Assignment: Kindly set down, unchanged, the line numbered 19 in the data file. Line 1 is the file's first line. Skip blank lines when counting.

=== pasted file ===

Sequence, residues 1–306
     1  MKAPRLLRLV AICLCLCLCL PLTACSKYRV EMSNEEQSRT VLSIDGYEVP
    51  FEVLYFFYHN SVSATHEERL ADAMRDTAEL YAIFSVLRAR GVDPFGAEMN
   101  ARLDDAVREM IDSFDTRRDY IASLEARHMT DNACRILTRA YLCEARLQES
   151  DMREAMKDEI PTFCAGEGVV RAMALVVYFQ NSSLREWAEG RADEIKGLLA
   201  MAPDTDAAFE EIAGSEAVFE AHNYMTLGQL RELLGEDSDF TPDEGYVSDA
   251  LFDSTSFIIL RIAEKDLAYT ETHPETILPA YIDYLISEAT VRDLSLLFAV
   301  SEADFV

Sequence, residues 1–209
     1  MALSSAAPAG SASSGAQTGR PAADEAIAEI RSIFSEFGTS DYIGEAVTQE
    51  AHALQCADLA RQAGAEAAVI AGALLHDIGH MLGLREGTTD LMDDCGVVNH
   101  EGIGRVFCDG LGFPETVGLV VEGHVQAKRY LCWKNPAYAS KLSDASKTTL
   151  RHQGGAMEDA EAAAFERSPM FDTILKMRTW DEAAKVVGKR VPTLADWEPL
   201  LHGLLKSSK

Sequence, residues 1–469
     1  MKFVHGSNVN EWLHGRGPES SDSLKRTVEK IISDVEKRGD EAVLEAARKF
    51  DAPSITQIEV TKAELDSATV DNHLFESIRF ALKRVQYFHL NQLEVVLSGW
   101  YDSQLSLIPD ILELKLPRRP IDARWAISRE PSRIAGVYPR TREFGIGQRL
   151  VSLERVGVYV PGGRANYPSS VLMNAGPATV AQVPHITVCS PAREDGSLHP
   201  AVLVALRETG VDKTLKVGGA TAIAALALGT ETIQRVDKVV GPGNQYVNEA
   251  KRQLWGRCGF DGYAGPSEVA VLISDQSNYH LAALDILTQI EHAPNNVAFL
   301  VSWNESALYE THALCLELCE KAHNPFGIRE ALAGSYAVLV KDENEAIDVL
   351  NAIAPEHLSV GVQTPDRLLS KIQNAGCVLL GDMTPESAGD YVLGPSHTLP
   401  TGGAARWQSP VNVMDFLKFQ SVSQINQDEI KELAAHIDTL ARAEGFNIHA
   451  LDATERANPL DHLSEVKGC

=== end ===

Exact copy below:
   151  VSLERVGVYV PGGRANYPSS VLMNAGPATV AQVPHITVCS PAREDGSLHP